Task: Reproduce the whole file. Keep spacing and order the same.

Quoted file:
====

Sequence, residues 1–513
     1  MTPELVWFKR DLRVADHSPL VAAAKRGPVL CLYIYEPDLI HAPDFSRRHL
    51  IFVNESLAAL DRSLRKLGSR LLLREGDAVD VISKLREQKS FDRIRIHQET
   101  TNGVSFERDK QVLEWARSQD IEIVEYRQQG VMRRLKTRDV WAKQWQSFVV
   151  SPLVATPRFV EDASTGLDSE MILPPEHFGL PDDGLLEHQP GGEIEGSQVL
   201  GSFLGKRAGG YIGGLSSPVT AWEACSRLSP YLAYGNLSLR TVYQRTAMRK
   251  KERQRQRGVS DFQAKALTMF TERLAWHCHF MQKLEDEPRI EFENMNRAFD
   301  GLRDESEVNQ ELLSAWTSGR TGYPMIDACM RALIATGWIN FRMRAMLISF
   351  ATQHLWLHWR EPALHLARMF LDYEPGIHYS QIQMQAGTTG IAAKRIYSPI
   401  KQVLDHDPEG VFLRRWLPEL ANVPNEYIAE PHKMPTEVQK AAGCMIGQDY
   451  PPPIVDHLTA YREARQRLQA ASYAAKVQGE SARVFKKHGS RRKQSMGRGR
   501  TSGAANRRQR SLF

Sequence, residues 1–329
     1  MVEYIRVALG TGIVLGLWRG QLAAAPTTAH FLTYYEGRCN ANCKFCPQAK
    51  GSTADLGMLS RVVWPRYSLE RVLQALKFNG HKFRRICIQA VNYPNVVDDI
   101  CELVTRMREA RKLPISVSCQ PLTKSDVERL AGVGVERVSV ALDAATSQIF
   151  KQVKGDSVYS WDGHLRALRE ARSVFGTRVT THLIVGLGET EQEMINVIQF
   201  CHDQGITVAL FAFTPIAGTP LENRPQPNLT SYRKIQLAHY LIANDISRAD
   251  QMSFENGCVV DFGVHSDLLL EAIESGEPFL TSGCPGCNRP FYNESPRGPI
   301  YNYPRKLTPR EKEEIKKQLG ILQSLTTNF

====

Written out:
Sequence, residues 1–513
     1  MTPELVWFKR DLRVADHSPL VAAAKRGPVL CLYIYEPDLI HAPDFSRRHL
    51  IFVNESLAAL DRSLRKLGSR LLLREGDAVD VISKLREQKS FDRIRIHQET
   101  TNGVSFERDK QVLEWARSQD IEIVEYRQQG VMRRLKTRDV WAKQWQSFVV
   151  SPLVATPRFV EDASTGLDSE MILPPEHFGL PDDGLLEHQP GGEIEGSQVL
   201  GSFLGKRAGG YIGGLSSPVT AWEACSRLSP YLAYGNLSLR TVYQRTAMRK
   251  KERQRQRGVS DFQAKALTMF TERLAWHCHF MQKLEDEPRI EFENMNRAFD
   301  GLRDESEVNQ ELLSAWTSGR TGYPMIDACM RALIATGWIN FRMRAMLISF
   351  ATQHLWLHWR EPALHLARMF LDYEPGIHYS QIQMQAGTTG IAAKRIYSPI
   401  KQVLDHDPEG VFLRRWLPEL ANVPNEYIAE PHKMPTEVQK AAGCMIGQDY
   451  PPPIVDHLTA YREARQRLQA ASYAAKVQGE SARVFKKHGS RRKQSMGRGR
   501  TSGAANRRQR SLF

Sequence, residues 1–329
     1  MVEYIRVALG TGIVLGLWRG QLAAAPTTAH FLTYYEGRCN ANCKFCPQAK
    51  GSTADLGMLS RVVWPRYSLE RVLQALKFNG HKFRRICIQA VNYPNVVDDI
   101  CELVTRMREA RKLPISVSCQ PLTKSDVERL AGVGVERVSV ALDAATSQIF
   151  KQVKGDSVYS WDGHLRALRE ARSVFGTRVT THLIVGLGET EQEMINVIQF
   201  CHDQGITVAL FAFTPIAGTP LENRPQPNLT SYRKIQLAHY LIANDISRAD
   251  QMSFENGCVV DFGVHSDLLL EAIESGEPFL TSGCPGCNRP FYNESPRGPI
   301  YNYPRKLTPR EKEEIKKQLG ILQSLTTNF